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Bespoke, made in Italy, 700g carbon frame with a Campagnolo Super Record build arrives for testing

Sarto is a family-owned Italian company with a long history, but it’s a history that few people will be aware of. The manufacturer has been building frames for the past 60 years with the majority of those frame going under the cover of other brand names, but in recent years Sarto have decided to launch their own range of frames.

This is the Seta, their latest offering and it’s also their lightest ever frame, with a claimed weight of just 700g. That puts in right up there with Cannondale SuperSix Evo and Cervelo R5, two of the lightest frames money can buy. The Seta, as with all their frames, is produced by hand in Italy, and that includes the actual manufacturing of the tubes as well. 

The Seta doesn’t come cheap, it costs £3,800. Yes that's a lot of money, but it is handmade in Italy remember, in an era when most carbon frames are made in the Far East. Sarto as well offers a full bespoke option with the frame so you can tailor every aspect of it to make it your own and ensure it fits you perfectly. The frame is constructed using the tube-to-tube assembly process, which involves precisely mitred tubes being bonded and wrapped at the junctions where they meet, and is how they're able to customise the frame for every customer.

The Seta is constructed from Toray M55J and M46J high modulus unidirectional carbon fibre and features new profile main tubes, with a flatter top tube and really skinny chainstays. There's a tapered head tube with carbon bearing surfaces and a PressFit 86.5 bottom bracket, but you can specify any bottom bracket standard.

There are new seatstays with an “X” design brake mount that is intended to allow more compliance in the rear triangle, and there's a 27.2mm seatpost. You could, if you wanted, opt for an integrated seatmast. All cables are internally routed and this frame has been designed for a mechanical groupset, but you could of course specify a Di2 or EPS compatible routing.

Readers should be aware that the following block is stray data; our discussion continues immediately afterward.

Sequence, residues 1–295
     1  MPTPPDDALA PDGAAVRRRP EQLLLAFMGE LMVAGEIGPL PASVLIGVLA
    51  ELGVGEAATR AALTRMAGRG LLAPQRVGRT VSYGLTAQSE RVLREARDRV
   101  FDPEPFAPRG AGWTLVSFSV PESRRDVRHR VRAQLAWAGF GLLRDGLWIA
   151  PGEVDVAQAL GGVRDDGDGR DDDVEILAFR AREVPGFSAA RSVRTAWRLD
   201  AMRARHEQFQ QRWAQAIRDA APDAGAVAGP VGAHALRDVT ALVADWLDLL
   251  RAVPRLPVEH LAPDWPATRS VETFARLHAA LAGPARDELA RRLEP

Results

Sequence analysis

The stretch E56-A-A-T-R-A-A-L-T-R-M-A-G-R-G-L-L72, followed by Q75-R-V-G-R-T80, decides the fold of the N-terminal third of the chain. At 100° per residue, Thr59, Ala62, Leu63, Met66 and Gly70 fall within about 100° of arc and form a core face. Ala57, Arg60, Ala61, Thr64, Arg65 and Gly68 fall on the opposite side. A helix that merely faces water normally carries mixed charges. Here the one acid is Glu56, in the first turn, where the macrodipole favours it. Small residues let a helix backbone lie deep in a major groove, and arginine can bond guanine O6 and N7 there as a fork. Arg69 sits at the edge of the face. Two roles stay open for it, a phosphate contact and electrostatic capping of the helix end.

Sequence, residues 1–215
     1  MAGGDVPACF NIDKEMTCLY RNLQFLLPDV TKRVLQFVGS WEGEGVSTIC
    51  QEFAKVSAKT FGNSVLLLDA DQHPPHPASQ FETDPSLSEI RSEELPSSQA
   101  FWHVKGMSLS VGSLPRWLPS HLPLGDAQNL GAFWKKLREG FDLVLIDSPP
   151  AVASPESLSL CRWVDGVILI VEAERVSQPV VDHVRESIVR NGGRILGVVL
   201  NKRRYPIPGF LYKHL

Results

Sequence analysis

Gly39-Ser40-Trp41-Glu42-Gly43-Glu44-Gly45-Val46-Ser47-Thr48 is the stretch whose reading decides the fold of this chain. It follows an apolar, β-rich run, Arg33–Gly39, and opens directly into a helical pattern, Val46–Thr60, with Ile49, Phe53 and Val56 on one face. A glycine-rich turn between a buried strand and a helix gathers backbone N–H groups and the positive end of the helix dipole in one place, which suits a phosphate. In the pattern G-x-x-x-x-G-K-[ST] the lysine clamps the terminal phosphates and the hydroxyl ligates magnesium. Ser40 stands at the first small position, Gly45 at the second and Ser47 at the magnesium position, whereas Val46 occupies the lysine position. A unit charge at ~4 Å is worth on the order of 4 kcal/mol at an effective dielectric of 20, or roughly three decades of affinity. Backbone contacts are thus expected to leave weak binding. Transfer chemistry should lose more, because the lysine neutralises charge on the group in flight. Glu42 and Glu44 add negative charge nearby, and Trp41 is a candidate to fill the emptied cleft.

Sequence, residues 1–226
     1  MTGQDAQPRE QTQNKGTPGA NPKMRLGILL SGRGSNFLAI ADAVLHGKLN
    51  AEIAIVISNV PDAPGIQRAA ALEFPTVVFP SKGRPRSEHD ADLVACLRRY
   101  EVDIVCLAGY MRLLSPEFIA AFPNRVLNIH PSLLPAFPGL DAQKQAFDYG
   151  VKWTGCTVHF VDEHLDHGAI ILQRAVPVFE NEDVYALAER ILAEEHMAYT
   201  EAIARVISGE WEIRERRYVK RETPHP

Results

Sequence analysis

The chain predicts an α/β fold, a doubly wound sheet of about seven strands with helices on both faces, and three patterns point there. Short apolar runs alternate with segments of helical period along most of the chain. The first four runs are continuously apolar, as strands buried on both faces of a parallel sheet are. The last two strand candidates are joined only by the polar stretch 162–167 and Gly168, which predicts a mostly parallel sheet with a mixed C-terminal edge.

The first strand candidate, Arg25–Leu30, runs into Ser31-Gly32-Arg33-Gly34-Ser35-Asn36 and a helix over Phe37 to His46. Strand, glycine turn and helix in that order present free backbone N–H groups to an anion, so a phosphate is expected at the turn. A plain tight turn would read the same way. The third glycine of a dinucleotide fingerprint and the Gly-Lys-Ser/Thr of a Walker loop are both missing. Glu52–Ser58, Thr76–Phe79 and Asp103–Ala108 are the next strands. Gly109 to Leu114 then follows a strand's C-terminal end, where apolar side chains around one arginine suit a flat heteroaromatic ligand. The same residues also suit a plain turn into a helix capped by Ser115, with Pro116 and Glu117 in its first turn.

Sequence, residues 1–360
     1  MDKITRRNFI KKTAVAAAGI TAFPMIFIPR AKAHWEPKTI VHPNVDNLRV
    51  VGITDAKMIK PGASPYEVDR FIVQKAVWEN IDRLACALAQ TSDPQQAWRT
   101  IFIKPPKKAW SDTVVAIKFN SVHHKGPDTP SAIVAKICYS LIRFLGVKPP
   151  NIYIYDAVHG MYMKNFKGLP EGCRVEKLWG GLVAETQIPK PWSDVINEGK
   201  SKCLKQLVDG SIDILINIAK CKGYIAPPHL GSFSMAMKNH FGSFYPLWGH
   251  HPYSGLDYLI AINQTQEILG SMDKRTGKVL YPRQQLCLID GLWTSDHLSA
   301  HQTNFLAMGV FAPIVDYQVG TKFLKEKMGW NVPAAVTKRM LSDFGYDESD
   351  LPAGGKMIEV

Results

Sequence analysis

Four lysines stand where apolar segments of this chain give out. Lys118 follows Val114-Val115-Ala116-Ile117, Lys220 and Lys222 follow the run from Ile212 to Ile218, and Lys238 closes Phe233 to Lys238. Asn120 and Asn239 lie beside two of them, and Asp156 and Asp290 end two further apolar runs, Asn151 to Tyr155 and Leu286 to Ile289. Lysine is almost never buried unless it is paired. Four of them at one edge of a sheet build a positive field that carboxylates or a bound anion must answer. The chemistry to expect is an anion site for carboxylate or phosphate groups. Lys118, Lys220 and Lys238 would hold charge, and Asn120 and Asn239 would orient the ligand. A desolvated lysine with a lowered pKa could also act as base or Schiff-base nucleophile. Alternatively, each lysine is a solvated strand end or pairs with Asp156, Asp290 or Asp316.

Sarto don’t sell complete bikes, so UK distributor Impact Cycle Trading kindly built up this bike for us to test. They haven't held back, it’s built up with a brand new Campagnolo Super Record 11-speed mechanical groupset and Deda handlebar, stem and seatpost, with a slender carbon fibre saddle colour-matched to the frame.

The wheels are the brand new DMX960 Dark Matter wheelset from Spin’s 2015 Koppenberg X Series range. This is the first time they’ve been shown in public, so consider this an exclusive. We were really impressed with their excellent Koppenberg MAX25 alloy clincher rims this year, and the DMX960 Dark Matter wheelset here use the same 25mm wide rim profile.

The front is 60mm deep and the rear is 90mm, and they have a claimed weight of 1,755g for the pair (770g front, 985g rear). They feature their own SPN Precision forged and machined hubs, are 11-speed compatible and cost £1,249 for the pair. Spin offer custom wheel builds and a range of coloured decals. Unfortunately they wheels are so new they didn't leave them with us, but we have some other current Spin wheels for the purposes of this bike test. The tyres are 23mm Vredestein Fortezza Tri Comp tyres.

It's a spangly build make no mistake, and of course on the scales it's very light, 6.8kg (14.99lb) to be precise. It'll go lower; we've got some lighter Spin wheels to actually test with the bike.

The Sarto Seta then, with its high price tag and Italian origins, joins some illustrious company. Springing to mind by way of comparisons is the Alchemy Helios, Guru Photon R, Legend HT 7.5 and of course the Colnago C60. That’s some stiff competition, so we’ll going to take the Seta onto the road for a couple of weeks and see how it rides.

Find out more at www.sartoantonio.com and www.impactct.co.uk

David has worked on the road.cc tech team since July 2012. Previously he was editor of Bikemagic.com and before that staff writer at RCUK. He's a seasoned cyclist of all disciplines, from road to mountain biking, touring to cyclo-cross, he only wishes he had time to ride them all. He's mildly competitive, though he'll never admit it, and is a frequent road racer but is too lazy to do really well. He currently resides in the Cotswolds.